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Volume 9, Issue 1
  • ISSN: 2045-5836
  • E-ISSN: 2045-5844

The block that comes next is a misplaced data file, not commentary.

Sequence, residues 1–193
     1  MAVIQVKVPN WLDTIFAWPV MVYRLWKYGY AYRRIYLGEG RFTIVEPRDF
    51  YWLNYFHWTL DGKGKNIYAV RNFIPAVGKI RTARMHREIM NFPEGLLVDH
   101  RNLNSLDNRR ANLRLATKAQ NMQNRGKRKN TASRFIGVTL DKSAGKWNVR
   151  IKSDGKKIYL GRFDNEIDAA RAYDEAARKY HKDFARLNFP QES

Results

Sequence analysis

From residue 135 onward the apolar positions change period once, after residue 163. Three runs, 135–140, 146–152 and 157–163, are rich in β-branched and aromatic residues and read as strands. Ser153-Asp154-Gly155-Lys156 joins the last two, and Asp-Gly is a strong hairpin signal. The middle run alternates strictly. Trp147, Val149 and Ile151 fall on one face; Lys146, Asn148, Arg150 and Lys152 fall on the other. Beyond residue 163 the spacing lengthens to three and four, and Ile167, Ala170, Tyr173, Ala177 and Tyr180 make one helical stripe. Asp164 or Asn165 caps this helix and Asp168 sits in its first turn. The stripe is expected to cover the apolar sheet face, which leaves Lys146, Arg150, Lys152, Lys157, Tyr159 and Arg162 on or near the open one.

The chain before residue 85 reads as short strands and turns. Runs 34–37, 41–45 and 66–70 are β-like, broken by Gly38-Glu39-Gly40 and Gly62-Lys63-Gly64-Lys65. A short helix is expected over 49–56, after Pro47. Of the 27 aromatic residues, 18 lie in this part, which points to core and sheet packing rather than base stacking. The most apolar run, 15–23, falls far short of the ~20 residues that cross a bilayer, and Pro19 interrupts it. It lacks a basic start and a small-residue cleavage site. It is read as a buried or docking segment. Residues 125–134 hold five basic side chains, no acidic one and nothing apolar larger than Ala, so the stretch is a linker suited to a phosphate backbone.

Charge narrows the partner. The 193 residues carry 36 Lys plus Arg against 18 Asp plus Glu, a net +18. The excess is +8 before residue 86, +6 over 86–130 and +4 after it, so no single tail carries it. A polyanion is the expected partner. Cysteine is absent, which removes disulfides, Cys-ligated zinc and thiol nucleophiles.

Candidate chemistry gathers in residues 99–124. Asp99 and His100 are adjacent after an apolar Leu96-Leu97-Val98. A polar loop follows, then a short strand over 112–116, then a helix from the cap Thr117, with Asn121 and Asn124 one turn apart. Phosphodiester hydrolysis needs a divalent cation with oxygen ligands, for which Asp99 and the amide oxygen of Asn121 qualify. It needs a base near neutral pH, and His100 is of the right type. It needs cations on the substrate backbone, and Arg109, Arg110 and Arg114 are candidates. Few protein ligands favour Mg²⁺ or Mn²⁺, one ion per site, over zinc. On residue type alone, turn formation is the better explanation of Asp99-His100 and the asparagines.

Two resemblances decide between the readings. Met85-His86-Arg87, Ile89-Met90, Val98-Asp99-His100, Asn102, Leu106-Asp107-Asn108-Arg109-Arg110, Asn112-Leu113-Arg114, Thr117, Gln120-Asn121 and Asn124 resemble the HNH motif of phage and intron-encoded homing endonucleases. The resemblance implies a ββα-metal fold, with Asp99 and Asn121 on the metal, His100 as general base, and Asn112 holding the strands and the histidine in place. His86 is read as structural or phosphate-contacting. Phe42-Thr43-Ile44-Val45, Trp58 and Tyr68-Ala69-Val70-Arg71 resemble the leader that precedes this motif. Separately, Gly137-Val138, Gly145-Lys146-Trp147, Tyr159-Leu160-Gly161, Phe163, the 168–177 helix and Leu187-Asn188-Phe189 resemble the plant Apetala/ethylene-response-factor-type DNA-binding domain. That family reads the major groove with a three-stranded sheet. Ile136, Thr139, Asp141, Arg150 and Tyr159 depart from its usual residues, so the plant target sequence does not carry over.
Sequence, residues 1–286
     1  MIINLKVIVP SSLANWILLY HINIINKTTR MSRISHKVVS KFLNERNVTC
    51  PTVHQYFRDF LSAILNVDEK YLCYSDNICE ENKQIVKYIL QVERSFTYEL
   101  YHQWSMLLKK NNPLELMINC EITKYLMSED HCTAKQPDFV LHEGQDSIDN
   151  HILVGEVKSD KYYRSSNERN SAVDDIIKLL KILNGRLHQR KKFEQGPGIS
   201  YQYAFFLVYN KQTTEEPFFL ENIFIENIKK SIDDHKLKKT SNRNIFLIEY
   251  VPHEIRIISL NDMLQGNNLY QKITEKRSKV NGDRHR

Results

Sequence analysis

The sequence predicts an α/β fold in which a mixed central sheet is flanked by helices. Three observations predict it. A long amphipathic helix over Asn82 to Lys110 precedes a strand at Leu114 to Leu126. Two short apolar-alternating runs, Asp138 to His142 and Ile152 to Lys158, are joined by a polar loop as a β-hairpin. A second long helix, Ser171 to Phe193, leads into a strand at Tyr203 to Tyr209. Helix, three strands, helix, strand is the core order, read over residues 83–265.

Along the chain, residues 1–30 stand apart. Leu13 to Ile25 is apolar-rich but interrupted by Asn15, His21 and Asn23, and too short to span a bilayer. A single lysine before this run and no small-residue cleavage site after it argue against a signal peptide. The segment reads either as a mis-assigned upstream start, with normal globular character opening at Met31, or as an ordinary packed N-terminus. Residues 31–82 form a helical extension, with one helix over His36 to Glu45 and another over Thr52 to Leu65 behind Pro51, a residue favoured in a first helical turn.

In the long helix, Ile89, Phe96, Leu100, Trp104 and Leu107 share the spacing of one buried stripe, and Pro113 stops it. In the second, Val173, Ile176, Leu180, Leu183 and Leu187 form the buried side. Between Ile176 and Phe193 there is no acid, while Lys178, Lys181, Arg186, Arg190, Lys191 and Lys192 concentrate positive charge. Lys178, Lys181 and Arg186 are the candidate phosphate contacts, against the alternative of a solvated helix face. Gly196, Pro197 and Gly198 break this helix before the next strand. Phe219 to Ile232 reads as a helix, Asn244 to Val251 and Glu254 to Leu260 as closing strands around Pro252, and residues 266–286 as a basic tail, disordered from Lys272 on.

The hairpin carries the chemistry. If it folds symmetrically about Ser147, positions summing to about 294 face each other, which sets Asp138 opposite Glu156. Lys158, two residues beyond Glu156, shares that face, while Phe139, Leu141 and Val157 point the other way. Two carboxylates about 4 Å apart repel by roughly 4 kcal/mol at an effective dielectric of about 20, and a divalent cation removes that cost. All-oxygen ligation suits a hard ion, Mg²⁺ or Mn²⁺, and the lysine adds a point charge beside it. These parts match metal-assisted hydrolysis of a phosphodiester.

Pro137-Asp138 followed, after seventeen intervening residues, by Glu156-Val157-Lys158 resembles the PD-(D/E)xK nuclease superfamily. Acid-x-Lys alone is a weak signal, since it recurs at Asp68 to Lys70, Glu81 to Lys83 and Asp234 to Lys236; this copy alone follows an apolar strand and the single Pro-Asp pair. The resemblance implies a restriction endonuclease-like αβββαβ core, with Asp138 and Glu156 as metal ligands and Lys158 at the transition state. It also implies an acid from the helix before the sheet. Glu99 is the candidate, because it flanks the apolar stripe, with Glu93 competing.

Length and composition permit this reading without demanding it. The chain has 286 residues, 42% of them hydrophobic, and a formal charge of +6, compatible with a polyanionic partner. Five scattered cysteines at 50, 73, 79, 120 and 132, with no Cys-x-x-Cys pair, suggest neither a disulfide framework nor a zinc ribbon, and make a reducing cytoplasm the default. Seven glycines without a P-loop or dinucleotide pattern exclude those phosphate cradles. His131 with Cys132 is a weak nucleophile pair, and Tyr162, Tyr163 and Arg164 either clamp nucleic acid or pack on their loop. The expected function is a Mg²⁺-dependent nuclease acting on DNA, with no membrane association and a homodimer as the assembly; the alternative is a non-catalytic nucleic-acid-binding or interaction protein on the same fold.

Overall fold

In recent years, the sporadic presence of various Caribbean national pavilions at the Venice Biennale – Jamaica (2001), Haiti (2011), Bahamas (2013), Grenada (2015, 2017, 2019), Antigua and Barbuda (2017, 2019), Dominican Republic (2019) – has on each occasion been almost unanimously applauded as marking some sort of moment of ‘arrival’ or ‘becoming’ for artists of the Caribbean, and for the local institutional structures and professionals that surround them. This article critically explores what the gains are of such a presence beyond the fleeting ‘Venice effect’ – mega-hyped exposure to international audiences, curators, gallerists and other market actors. The alleged benefits-for-all of contemporary cultural exchange, in an expanding globalizing field such as Venice, are by no means shared equally, and such discourses gloss over layers of uneven privilege embedded within the institution.


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